When it comes to selling a product or service, brand storytelling is an effective marketing tactic used to grasp and maintain the attention of your target audience. An estimated 2.5 billion pieces of content are shared each day, making compelling storytelling a must in order to standout. I recently taught a General Assembly brand storytelling workshop and have a few takeaways worth sharing:
What is Brand Storytelling?
Brand Storytelling is the ability to create an ongoing narrative about your product (without actually making your product the focal point). As a small business owner, you must find ways to be creative, yet subtle at selling your products/services. Customers are more likely to buy products when they don’t feel like they’re being persuaded or pushed into it. Think about Nike as a great example of effectively using brand storytelling to create customer loyalty. When watching Nike ads you’ll notice its focal point is barely on Nike shoes, instead the focal point is on athletes and Nike’s ability to tell the story of high-performing athletes. This is the art of brand storytelling.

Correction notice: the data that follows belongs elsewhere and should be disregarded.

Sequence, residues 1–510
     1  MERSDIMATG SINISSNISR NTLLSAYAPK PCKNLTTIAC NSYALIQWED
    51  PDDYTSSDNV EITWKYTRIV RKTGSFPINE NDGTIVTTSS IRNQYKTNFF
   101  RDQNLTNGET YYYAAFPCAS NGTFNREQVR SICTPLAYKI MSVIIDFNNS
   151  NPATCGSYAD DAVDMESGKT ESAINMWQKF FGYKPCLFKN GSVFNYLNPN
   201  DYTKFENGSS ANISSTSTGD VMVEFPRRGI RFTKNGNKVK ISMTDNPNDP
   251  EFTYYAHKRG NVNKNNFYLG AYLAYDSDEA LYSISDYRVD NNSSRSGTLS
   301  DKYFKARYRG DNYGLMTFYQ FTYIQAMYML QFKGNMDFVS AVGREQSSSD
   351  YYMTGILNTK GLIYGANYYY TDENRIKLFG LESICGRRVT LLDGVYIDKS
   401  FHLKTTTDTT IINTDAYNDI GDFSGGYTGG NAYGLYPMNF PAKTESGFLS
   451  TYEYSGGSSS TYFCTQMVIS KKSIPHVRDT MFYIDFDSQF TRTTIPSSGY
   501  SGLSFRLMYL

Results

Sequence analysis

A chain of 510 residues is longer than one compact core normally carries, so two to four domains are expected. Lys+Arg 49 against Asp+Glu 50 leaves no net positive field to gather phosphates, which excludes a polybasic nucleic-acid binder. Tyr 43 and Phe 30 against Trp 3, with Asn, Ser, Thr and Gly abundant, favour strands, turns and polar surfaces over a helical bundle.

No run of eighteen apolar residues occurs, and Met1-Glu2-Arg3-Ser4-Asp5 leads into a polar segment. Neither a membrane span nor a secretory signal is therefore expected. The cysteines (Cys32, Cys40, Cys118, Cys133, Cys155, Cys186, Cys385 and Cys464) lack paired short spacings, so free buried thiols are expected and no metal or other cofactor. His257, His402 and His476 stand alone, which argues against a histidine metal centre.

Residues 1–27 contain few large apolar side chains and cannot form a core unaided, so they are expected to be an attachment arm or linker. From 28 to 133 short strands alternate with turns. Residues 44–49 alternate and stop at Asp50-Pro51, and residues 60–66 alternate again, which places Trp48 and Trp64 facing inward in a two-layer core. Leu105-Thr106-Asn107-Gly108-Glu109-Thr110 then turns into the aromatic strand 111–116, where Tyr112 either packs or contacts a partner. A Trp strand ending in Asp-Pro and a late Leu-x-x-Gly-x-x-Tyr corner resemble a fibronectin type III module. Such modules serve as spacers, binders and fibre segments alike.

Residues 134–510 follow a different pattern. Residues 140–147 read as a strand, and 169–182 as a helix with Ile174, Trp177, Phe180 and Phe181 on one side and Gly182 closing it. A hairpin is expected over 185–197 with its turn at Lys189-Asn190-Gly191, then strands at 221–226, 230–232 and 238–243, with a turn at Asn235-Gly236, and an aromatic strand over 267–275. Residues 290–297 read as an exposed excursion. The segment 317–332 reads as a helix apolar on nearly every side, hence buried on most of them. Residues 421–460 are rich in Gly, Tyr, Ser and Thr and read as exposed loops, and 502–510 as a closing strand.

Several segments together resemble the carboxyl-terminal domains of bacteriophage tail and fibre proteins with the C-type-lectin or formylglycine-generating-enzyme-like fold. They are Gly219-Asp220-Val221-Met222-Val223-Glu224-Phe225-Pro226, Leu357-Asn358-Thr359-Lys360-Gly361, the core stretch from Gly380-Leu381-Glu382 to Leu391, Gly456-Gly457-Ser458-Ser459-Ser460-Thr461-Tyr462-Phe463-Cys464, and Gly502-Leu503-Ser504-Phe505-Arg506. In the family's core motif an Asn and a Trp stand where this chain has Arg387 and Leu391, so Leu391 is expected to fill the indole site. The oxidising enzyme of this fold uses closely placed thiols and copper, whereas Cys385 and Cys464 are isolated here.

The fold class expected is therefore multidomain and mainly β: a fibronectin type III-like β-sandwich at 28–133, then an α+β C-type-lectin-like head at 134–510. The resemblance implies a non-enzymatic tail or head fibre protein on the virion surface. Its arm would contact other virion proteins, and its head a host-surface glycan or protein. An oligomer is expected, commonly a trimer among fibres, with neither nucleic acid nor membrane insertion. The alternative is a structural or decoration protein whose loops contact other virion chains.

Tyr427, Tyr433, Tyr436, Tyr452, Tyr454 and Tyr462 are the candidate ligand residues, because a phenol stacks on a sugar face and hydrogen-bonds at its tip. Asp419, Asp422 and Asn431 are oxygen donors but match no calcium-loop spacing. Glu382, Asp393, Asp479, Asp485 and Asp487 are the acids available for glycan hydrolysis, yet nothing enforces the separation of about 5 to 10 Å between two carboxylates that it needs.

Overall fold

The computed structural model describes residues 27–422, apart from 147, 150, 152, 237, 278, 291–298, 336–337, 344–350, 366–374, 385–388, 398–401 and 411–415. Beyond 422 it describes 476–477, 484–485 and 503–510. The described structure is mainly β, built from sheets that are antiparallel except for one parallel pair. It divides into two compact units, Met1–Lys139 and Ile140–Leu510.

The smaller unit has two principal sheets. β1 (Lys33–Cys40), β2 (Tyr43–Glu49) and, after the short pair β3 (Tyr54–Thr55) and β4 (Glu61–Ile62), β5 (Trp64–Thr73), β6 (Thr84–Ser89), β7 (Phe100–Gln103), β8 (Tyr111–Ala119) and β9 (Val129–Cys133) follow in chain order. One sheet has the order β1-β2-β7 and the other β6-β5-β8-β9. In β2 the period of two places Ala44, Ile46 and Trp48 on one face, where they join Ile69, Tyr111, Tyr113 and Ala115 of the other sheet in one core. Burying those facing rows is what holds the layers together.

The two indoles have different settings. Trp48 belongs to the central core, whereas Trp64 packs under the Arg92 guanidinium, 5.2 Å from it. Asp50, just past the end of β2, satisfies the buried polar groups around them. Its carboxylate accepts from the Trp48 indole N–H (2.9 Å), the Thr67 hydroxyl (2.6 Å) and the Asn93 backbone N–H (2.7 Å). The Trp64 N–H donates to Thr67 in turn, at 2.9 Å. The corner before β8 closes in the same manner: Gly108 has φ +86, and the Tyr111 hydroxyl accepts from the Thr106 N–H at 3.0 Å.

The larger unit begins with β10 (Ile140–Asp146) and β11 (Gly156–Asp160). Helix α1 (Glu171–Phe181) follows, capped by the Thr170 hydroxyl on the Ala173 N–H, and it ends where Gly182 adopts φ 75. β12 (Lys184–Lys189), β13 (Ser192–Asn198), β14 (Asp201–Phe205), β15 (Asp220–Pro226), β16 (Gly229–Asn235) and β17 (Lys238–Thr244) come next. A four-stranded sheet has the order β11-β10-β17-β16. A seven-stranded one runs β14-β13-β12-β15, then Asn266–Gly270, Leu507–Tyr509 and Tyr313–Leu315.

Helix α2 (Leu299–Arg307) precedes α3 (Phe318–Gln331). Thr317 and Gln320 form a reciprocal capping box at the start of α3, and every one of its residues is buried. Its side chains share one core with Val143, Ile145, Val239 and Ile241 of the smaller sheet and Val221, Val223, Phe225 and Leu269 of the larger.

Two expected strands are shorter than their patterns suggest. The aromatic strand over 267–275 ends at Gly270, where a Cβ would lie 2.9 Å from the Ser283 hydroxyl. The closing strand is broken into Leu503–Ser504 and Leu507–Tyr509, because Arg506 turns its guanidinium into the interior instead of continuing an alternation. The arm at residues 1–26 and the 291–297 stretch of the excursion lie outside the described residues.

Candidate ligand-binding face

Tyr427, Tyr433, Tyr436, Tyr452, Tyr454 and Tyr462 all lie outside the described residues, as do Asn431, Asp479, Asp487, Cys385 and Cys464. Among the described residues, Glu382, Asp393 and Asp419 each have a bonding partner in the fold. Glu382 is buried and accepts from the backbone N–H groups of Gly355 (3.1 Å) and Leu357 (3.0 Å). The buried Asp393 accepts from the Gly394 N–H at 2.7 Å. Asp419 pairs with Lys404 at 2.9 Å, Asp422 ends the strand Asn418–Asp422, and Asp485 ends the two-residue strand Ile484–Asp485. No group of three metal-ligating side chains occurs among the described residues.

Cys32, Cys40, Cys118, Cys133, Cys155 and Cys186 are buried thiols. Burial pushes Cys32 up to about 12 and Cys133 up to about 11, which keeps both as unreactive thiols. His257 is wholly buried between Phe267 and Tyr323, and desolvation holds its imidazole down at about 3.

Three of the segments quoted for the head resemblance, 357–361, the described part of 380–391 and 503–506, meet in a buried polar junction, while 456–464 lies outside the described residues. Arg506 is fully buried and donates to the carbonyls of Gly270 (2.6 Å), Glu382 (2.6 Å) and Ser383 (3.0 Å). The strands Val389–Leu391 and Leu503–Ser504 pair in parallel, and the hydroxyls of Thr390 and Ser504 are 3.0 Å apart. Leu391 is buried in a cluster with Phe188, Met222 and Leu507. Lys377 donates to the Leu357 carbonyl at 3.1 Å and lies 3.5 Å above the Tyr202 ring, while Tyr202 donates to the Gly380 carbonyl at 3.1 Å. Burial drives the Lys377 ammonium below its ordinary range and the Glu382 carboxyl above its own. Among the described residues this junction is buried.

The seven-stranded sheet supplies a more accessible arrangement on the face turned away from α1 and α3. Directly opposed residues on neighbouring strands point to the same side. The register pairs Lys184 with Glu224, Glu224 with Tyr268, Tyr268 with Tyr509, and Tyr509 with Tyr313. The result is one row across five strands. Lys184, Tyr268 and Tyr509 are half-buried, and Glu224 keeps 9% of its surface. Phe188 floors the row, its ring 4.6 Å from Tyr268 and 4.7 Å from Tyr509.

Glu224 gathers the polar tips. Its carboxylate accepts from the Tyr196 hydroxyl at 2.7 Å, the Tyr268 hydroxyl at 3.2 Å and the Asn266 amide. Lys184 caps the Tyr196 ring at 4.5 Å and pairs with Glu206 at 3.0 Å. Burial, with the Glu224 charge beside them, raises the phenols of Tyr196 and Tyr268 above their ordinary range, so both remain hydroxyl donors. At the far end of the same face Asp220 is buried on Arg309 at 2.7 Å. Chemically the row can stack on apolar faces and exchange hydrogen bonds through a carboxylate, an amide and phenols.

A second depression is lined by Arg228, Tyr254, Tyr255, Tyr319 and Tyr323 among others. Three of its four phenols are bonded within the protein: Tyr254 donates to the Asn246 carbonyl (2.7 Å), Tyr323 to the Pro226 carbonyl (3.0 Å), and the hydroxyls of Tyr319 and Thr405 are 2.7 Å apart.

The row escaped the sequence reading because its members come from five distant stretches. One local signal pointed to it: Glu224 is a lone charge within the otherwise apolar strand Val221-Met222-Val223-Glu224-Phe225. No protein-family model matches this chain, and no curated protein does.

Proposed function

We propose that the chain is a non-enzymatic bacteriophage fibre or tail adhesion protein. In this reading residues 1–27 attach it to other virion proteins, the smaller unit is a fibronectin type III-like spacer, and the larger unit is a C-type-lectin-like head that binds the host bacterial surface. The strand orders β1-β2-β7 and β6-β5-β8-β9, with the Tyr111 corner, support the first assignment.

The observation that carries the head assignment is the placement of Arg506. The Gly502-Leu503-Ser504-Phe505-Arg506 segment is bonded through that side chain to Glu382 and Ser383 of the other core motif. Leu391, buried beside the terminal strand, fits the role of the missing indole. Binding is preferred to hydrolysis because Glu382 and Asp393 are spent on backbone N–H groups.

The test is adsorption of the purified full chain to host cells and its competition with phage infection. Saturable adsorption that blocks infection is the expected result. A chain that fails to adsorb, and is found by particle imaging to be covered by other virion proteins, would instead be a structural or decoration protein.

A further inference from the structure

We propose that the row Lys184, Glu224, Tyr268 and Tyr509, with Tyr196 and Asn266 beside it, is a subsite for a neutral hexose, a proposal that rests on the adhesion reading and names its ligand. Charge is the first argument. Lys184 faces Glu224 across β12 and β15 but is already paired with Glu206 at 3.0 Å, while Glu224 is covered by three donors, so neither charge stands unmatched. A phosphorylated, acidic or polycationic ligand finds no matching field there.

Create Your Brand Narrative using Compelling Content.
Brand storytelling is most effective when it compels people to act (in this case to buy). When there’s compelling content behind a cause, a product, or a service it has a better chance of being consumed by your target audience. When trying to grasp and maintain the attention of your targeted customers, consider using infographics, pictures, Gifs, and video to tell your brand story.
There’s nothing worse than a brand that constantly puts out one-way content. Content that communicates a message, without provoking consumers to respond or comment. That is the exact opposite of brand storytelling. Brand storytelling is relatable, engaging, and relevant to its targeted customers.
To create sustaining brand awareness and customer loyalty, small business owners must shift the focus from its products/services and onto its brand through the use of brand storytelling.
Krystal Glass is an instructor at General Assembly and the CEO of Krystal Glass Communications, a communications firm specializing in small business marketing and brand storytelling.